Union High School social studies teacher Tom Hayes was preparing to teach his first-period class the morning of March 20, 1998, when the phone in his classroom rang.
A reporter was on the line, wanting Hayes’ reaction to the news that Mike Wood, then the principal of Union Elementary School and a former UHS English teacher, had been named Union School District’s next superintendent.
Hayes gave an instant, heartfelt response.
“This is the best of all possible news as far as the people around here are concerned,” Hayes had said, explaining that Wood was greatly respected for his knowledge and people skills.
Fast forward two decades to Saturday, Oct. 6. Hayes, now retired, and many other faculty and staff he alluded to in 1998, were among about 60 people who attended a ceremony saluting Wood. An oak tree recently planted in the front lawn of UHS was dedicated in honor of Wood, who served as an educator in the Union School District from 1984 until he retired in 2011.
“This oak tree is a good choice to symbolize Mike’s service,” said UHS English and writing teacher Vivian Matthews in opening remarks at the dedication. “The mighty oak is a symbol of strength, resistance and knowledge. Mike has been strong in his convictions, resisting opposition to build a place of knowledge.”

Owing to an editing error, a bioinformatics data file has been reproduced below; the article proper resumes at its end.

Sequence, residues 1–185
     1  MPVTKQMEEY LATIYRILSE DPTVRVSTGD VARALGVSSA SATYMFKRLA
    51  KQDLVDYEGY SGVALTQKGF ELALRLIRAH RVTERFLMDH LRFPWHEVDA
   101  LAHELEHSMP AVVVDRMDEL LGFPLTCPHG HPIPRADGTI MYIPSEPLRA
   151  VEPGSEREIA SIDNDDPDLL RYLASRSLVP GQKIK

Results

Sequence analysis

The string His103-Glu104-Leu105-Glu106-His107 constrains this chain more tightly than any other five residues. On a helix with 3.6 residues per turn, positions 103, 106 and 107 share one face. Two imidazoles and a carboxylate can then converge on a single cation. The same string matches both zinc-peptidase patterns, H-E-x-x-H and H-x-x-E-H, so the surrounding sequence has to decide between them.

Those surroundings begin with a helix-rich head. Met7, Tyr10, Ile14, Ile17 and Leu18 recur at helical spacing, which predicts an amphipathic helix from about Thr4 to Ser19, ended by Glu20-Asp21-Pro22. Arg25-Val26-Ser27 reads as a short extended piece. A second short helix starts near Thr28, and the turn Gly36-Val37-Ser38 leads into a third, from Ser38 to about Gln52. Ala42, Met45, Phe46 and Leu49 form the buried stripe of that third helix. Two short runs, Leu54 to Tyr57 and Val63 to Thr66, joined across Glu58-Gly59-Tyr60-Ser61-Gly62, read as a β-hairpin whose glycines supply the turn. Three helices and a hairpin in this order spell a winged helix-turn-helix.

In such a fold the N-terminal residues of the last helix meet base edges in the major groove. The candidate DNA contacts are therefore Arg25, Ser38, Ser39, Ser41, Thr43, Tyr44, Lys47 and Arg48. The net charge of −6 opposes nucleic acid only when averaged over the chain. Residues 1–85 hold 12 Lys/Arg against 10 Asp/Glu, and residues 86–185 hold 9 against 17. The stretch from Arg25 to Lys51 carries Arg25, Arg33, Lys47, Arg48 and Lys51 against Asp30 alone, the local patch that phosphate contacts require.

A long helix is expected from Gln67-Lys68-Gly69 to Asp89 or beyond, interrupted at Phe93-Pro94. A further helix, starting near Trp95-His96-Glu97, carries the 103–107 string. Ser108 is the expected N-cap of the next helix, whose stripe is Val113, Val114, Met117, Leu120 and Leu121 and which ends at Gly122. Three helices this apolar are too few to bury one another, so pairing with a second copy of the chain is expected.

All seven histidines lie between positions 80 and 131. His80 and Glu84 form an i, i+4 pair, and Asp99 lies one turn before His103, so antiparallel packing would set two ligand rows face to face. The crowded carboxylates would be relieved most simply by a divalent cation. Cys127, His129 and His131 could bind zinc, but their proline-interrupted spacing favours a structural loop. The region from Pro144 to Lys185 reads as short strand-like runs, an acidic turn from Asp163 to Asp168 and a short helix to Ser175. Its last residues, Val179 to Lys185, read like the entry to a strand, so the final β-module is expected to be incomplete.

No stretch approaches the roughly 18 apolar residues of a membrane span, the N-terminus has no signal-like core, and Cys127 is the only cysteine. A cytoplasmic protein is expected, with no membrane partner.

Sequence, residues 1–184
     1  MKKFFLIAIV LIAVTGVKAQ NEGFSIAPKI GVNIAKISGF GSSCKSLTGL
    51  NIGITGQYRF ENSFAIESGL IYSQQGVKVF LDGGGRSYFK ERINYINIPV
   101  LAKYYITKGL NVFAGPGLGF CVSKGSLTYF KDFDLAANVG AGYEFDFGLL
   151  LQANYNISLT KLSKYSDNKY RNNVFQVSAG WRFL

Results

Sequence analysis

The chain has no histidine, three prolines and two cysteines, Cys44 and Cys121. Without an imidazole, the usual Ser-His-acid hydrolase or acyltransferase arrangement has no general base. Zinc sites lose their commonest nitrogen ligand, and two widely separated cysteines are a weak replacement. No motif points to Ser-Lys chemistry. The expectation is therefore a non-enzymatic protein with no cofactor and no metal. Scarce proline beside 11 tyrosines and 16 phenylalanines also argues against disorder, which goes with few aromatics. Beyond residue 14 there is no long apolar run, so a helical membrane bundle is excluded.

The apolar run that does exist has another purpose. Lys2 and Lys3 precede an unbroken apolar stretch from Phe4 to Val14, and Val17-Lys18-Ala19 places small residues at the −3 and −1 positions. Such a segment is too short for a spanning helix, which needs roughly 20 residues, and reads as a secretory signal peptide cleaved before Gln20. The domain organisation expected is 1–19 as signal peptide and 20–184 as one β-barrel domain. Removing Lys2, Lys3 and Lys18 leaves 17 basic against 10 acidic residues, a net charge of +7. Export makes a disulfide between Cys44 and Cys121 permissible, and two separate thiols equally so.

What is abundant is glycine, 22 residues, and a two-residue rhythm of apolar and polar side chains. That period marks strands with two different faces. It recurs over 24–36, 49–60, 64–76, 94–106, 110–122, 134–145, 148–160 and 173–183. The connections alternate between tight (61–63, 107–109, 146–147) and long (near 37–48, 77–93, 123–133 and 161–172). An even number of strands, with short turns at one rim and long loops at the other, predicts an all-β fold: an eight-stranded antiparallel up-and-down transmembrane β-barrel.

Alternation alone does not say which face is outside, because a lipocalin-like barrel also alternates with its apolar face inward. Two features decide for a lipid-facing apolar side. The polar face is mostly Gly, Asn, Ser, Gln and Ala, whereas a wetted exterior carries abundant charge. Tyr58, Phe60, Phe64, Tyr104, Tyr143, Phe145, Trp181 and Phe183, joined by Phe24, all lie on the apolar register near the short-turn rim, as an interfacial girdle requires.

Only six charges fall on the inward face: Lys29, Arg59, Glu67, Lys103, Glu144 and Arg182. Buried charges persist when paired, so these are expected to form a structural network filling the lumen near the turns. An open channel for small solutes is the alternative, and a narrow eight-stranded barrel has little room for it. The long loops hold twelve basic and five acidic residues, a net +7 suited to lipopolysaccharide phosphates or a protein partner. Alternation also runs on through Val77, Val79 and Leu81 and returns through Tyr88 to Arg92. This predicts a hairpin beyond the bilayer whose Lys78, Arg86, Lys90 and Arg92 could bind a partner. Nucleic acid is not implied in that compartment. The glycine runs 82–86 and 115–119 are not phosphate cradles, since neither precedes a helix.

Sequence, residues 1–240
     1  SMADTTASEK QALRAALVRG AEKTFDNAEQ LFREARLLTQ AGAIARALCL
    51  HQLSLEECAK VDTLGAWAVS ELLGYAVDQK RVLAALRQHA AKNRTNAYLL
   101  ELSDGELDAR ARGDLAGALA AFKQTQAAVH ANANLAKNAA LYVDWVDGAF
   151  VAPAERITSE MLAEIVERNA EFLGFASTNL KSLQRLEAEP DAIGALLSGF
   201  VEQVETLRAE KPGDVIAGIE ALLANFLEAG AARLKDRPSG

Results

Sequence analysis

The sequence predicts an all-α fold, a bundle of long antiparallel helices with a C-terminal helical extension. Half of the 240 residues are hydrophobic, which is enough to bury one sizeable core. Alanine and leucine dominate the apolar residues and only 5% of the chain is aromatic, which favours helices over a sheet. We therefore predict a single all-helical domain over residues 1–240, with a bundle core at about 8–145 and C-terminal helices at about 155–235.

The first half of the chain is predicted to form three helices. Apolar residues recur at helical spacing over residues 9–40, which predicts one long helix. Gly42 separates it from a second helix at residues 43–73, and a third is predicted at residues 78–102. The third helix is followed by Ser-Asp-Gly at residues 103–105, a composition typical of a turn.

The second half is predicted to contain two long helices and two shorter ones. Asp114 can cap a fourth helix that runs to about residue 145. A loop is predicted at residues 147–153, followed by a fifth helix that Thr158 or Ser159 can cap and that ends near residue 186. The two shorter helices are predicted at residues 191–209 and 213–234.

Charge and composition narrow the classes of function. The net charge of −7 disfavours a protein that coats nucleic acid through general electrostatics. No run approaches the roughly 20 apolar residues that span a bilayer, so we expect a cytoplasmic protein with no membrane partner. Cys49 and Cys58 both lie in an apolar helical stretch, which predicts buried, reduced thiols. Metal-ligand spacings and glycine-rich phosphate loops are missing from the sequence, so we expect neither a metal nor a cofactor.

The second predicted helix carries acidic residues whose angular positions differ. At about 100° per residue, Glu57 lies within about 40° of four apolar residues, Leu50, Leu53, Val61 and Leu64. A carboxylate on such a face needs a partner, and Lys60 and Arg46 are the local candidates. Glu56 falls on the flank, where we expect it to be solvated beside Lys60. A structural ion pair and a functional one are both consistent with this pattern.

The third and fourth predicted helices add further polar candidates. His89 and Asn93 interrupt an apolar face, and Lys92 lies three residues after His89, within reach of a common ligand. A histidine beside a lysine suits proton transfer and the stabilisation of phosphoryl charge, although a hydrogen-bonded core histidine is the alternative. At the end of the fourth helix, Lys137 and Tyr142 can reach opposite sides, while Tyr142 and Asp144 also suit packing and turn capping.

Matthews, who served as a student teacher under Wood in the spring of 1988, helped organize Saturday’s dedication.
“Mike, you have had far-reaching effects on many people,” she told him. “Your influence continues even in your retirement. This tree remains on campus to remind anyone who visits the Union School District of your influence.”
The tree is one of several that have been planted in honor of Union School District faculty and staff in recent years. Matthews said in the case of each of these employees the word “tree” serves as an acronym for “To Remember an Exemplary Employee.”
Union School District Superintendent Carter Wells said Wood’s leadership was instrumental in saving the school district during a time of financial difficulty.
“We might not be standing here today (as a school district) if it were not for Mike,” said Wells.
Wells described Wood as the smartest and brightest person he’s worked with, one who has an intuitive understanding of “school culture (and) the nuances of a school district.”
Wood served as a mentor for Wells when Wells became superintendent.
“He’s probably the first person I’ll call (for advice),” Wells said.
Hayes credited Wood with creating a family-like atmosphere in the school district.
“(Faculty and staff) were his friends, and he was our friend,” Hayes said. “He has always been a good guy.”
Jerry Mayes, who was a science teacher at Union High School when Wood taught English there and an assistant football coach for him while he was the UHS head football coach, echoed Hayes’ remark.
“It was just like we were a family,” said Mayes, who later joined the La Grande School District and is now retired.
Mayes also said he was impressed with how responsive Wood was to those on his staff when they presented ideas to him. He also was struck by his commitment to helping students succeed.
See more in Monday's edition of The Observer.